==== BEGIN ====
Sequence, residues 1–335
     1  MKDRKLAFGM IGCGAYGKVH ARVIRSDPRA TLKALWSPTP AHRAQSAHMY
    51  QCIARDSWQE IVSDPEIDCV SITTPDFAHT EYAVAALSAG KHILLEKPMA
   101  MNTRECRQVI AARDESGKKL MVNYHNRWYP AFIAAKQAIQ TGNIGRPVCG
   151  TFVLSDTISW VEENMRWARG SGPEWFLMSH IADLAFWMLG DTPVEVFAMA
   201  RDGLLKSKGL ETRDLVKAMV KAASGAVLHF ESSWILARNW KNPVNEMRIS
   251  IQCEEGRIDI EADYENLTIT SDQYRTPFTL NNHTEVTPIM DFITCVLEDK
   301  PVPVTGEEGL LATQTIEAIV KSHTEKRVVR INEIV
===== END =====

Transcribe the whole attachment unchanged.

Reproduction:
Sequence, residues 1–335
     1  MKDRKLAFGM IGCGAYGKVH ARVIRSDPRA TLKALWSPTP AHRAQSAHMY
    51  QCIARDSWQE IVSDPEIDCV SITTPDFAHT EYAVAALSAG KHILLEKPMA
   101  MNTRECRQVI AARDESGKKL MVNYHNRWYP AFIAAKQAIQ TGNIGRPVCG
   151  TFVLSDTISW VEENMRWARG SGPEWFLMSH IADLAFWMLG DTPVEVFAMA
   201  RDGLLKSKGL ETRDLVKAMV KAASGAVLHF ESSWILARNW KNPVNEMRIS
   251  IQCEEGRIDI EADYENLTIT SDQYRTPFTL NNHTEVTPIM DFITCVLEDK
   301  PVPVTGEEGL LATQTIEAIV KSHTEKRVVR INEIV